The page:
James Smoot Coleman
|Born||February 4, 1919|
|Died||April 20, 1985 (aged 66)|
|Alma mater||Harvard University |
Brigham Young University
|Institutions||University of California at Los Angeles |
University of Dar es Salaam
University of Nairobi
Makerere University College
James Smoot Coleman (4 February 1919 – 20 April 1985) was an American scholar, professor and administrator in political science, but more specifically in African studies. He is noted for two of his books, Nigeria: Background to Nationalism and Education and Political Development which have been called "classics of scholarship".
Coleman was born in Provo, Utah, to a Mormon family, son of Jacob Coleman and Allie Smoot Coleman. He graduated from Brigham Young High School in 1936. He enrolled in Brigham Young University, but interrupted his college education to join the U.S. Army in 1941, and achieved the rank of Lt. Colonel before resigning in 1946 after the end of World War II. Coleman received his bachelor's degree from Brigham Young University in 1947 and his master's (1948). He received a doctorate in (1953) from Harvard University. He was a teaching fellow at Harvard from 1949 to 1950, and again in 1953. In 1953, he became an instructor at the University of California at Los Angeles (UCLA), and soon was appointed as an assistant professor. In 1963 he was president of the African Studies Association.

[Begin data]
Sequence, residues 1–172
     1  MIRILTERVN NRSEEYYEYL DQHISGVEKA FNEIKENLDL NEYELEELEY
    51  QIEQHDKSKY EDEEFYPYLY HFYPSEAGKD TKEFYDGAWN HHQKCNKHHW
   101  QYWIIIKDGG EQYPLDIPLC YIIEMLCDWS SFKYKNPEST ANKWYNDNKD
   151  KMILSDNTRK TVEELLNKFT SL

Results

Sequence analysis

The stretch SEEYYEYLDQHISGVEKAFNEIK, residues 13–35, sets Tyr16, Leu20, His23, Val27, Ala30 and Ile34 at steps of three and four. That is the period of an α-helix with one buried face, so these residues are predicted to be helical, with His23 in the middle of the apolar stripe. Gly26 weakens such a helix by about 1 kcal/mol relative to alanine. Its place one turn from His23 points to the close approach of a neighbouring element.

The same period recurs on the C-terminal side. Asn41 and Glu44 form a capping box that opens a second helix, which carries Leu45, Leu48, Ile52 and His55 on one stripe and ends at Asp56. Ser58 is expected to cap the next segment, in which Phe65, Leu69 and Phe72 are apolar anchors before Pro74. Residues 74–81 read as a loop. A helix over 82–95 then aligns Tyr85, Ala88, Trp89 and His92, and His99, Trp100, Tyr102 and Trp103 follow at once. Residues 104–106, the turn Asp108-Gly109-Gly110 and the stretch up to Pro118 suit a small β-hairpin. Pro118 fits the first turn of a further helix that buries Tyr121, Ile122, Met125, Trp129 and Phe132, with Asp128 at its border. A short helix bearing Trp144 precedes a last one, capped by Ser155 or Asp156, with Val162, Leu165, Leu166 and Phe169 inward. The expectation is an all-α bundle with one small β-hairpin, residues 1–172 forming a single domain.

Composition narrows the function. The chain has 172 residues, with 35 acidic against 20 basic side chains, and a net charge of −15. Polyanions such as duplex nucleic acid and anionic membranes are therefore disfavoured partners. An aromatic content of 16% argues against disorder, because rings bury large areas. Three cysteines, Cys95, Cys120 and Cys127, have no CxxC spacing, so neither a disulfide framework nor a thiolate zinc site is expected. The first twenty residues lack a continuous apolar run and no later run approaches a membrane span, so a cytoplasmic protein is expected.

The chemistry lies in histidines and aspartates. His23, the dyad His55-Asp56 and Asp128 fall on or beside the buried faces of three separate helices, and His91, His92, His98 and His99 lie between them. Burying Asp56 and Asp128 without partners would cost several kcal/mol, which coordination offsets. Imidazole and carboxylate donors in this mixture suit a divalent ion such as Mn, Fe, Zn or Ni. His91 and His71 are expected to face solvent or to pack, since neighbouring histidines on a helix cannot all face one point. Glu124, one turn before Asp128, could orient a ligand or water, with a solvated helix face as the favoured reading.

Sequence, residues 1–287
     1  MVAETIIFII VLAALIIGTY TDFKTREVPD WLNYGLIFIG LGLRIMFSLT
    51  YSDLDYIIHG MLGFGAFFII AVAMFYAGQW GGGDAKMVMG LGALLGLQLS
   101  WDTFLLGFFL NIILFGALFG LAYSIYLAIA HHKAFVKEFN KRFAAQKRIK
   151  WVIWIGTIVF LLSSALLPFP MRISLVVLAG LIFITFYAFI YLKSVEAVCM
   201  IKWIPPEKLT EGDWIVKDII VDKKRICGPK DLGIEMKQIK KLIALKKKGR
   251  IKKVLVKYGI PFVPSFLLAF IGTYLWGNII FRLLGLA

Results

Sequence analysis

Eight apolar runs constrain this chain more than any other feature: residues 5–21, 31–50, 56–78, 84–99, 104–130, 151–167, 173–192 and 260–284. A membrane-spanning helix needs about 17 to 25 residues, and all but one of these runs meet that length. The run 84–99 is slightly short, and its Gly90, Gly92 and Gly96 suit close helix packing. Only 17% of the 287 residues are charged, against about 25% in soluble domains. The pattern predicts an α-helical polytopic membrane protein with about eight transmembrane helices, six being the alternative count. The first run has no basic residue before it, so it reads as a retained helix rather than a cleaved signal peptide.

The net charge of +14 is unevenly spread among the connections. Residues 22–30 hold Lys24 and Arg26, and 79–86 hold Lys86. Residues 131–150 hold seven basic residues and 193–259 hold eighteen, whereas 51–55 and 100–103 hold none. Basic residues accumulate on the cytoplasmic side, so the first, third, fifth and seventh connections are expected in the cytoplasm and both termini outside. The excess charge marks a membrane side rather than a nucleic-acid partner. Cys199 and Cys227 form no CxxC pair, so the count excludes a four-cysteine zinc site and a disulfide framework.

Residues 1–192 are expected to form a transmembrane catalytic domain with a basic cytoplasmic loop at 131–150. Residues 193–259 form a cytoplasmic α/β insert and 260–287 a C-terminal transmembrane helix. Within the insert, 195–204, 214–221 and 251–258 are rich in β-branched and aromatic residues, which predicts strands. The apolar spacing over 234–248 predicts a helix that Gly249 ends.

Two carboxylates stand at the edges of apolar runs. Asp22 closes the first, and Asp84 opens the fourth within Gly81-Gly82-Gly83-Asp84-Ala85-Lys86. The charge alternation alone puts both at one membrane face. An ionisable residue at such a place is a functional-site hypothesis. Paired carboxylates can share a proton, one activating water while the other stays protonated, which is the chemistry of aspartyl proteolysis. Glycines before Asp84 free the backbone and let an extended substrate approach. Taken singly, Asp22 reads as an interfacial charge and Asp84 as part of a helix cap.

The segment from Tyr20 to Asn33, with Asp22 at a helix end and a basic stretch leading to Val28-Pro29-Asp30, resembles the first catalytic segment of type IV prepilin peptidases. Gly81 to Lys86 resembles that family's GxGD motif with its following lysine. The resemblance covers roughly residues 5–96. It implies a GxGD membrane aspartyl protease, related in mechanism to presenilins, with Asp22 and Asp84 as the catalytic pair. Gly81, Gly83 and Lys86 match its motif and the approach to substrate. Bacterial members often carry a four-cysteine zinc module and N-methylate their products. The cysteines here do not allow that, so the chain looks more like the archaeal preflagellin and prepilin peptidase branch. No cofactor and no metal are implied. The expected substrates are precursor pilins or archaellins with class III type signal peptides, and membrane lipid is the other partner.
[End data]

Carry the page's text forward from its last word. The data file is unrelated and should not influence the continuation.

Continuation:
Coleman was the first director of the UCLA African Studies Center from its founding in 1959 until 1965. From 1965 to 1978, Coleman spent over twelve years as a university administrator in Africa. First in 1965 he was Head of the Department of Political Science and Public Administration at Makerere University College at the University of East Africa in Uganda. In 1967 he moved to Kenya to assume the position as Director for the Institute for Development Studies at the University of Nairobi. Finally he went to the University of Dar es Salaam in Tanzania. From 1967 to 1978, while in Africa, Coleman was an associate director of the Rockefeller Foundation and served as its representative for East Africa and Zaire.
Coleman returned to UCLA in 1978 as a full professor in political science and as chair of the UCLA Council on International and Comparative Studies (CICS). As head of CICS he was instrumental in leading the Southern California Consortium for International Studies from 1978 until his death in 1985. In 1984 he became the first director of UCLA's International Studies and Overseas Programs (ISOP) (now known as UCLA's International Institute).
Coleman married Margaret Tate on 4 February 1944, and they had two sons. On 20 June 1965, Coleman married Ursula Finken. Coleman died suddenly of a heart attack in Los Angeles on 20 April 1985.